66

I recently read about SQLite and thought I would give it a try. When I insert one record it performs okay. But when I insert one hundred it takes five seconds, and as the record count increases so does the time. What could be wrong? I am using the SQLite Wrapper (system.data.SQlite):

dbcon = new SQLiteConnection(connectionString);
dbcon.Open();

//---INSIDE LOOP

 SQLiteCommand sqlComm = new SQLiteCommand(sqlQuery, dbcon);

 nRowUpdatedCount = sqlComm.ExecuteNonQuery(); 

//---END LOOP

dbcon.close();
85

Wrap BEGIN \ END statements around your bulk inserts. Sqlite is optimized for transactions.

dbcon = new SQLiteConnection(connectionString);
dbcon.Open();

SQLiteCommand sqlComm;
sqlComm = new SQLiteCommand("begin", dbcon);
sqlComm.ExecuteNonQuery(); 
//---INSIDE LOOP

 sqlComm = new SQLiteCommand(sqlQuery, dbcon);

 nRowUpdatedCount = sqlComm.ExecuteNonQuery(); 

//---END LOOP
sqlComm = new SQLiteCommand("end", dbcon);
sqlComm.ExecuteNonQuery(); 
dbcon.close();
8
  • 9
    +1 This is mentioned in the SQLite FAQ, #19 - when you're doing this without a begin/end, SQLite is creating a transaction for each insert. – Jared Harley Oct 4 '10 at 0:17
  • 1
    why you have used 3 ExecuteNonQuery where one can do the job – Verve Innovation Oct 4 '10 at 0:38
  • 4
    3 ExecuteNonQuery's because 1 for the BEGIN, 1 (or more) for each INSERT and 1 for the END. Unless you added all your SQL statements to one string (delimited by semicolons), you need multiple ExecuteNonQuery calls. – tidwall Oct 4 '10 at 2:02
  • I tried this in my code and its just saying "no transaction is active", any idea on why this would happen? – Brian Tacker Nov 23 '11 at 22:59
  • @Brian Make sure that you have one BEGIN and one END for each connection. Also do not nest the transactions. Only one per connection. If you need to nest, then either open another connection or use SAVEPOINTS. – tidwall Nov 24 '11 at 17:16
41

I read everywhere that creating transactions is the solution to slow SQLite writes, but it can be long and painful to rewrite your code and wrap all your SQLite writes in transactions.

I found a much simpler, safe and very efficient method: I enable a (disabled by default) SQLite 3.7.0 optimisation : the Write-Ahead-Log (WAL). The documentation says it works in all unix (i.e. Linux and OSX) and Windows systems.

How ? Just run the following commands after initializing your SQLite connection:

PRAGMA journal_mode = WAL
PRAGMA synchronous = NORMAL

My code now runs ~600% faster : my test suite now runs in 38 seconds instead of 4 minutes :)

4
  • 3
    Thanks! BTW, you probably can use in-memory sqlite mode for tests. – gavv Apr 29 '16 at 14:40
  • 1
    this is probably the best solution if you have multiple threads saving data and don't want to do a lot of code changes in order to group all insert/updates into 1 single call – cahen Mar 14 '17 at 17:24
  • 1
    You saved my day :)) Thanks! 1000 times faster! – orfruit Oct 29 '18 at 8:45
  • I was seeing a more than 10x performance difference between the same insert-intensive program in MacOS and Ubuntu. These lines made Ubuntu perform like MacOS. Thanks. – Marcelo Lazaroni May 2 '20 at 1:26
32

Try wrapping all of your inserts (aka, a bulk insert) into a single transaction:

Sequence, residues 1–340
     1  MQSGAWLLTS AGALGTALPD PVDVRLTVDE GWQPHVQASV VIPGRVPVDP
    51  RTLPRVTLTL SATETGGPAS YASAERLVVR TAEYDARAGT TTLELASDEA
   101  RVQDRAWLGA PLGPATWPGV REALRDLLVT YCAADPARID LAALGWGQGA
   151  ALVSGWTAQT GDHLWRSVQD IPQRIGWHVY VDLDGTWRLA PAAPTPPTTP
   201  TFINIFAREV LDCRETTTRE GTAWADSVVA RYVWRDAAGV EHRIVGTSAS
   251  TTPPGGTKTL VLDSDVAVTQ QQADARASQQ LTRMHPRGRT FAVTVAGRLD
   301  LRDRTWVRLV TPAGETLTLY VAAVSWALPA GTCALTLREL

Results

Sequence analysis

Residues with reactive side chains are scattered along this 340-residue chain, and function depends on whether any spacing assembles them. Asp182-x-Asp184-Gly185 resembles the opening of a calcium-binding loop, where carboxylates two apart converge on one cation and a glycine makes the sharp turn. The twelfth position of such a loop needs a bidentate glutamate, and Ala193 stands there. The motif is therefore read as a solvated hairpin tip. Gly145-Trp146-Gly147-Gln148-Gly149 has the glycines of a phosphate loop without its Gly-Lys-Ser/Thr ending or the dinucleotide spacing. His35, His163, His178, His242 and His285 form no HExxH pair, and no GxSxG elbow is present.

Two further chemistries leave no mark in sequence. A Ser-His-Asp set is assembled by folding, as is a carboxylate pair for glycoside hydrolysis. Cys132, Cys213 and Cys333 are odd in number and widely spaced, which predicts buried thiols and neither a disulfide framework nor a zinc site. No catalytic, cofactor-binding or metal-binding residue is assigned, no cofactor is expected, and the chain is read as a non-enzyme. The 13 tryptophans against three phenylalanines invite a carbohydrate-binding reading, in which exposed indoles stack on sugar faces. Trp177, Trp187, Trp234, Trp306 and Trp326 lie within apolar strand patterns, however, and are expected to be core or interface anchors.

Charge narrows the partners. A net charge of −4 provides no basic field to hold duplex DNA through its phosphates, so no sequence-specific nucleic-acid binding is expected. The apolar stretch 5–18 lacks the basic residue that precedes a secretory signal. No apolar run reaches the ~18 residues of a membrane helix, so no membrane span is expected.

string insertString = "INSERT INTO [TableName] ([ColumnName]) Values (@value)";

SQLiteCommand command = new SQLiteCommand();
command.Parameters.AddWithValue("@value", value);
command.CommandText = insertString;
command.Connection = dbConnection;
SQLiteTransaction transaction = dbConnection.BeginTransaction();
try
{
    //---INSIDE LOOP
    SQLiteCommand sqlComm = new SQLiteCommand(sqlQuery, dbcon);
    nRowUpdatedCount = sqlComm.ExecuteNonQuery(); 
    //---END LOOP
    
    transaction.Commit();
    return true;
}
catch (SQLiteException ex)
{
    transaction.Rollback();
}

By default, SQLite wraps every inserts in a transaction, which slows down the process:

INSERT is really slow - I can only do few dozen INSERTs per second

Actually, SQLite will easily do 50,000 or more INSERT statements per second on an average desktop computer. But it will only do a few dozen transactions per second.

Transaction speed is limited by disk drive speed because (by default) SQLite actually waits until the data really is safely stored on the disk surface before the transaction is complete. That way, if you suddenly lose power or if your OS crashes, your data is still safe. For details, read about atomic commit in SQLite..

By default, each INSERT statement is its own transaction. But if you surround multiple INSERT statements with BEGIN...COMMIT then all the inserts are grouped into a single transaction. The time needed to commit the transaction is amortized over all the enclosed insert statements and so the time per insert statement is greatly reduced.

8

See "Optimizing SQL Queries" in the ADO.NET help file SQLite.NET.chm. Code from that page:

using (SQLiteTransaction mytransaction = myconnection.BeginTransaction())
{
  using (SQLiteCommand mycommand = new SQLiteCommand(myconnection))
  {
    SQLiteParameter myparam = new SQLiteParameter();
    int n;

    mycommand.CommandText = "INSERT INTO [MyTable] ([MyId]) VALUES(?)";
    mycommand.Parameters.Add(myparam);

    for (n = 0; n < 100000; n ++)
    {
      myparam.Value = n + 1;
      mycommand.ExecuteNonQuery();
    }
  }
  mytransaction.Commit();
}

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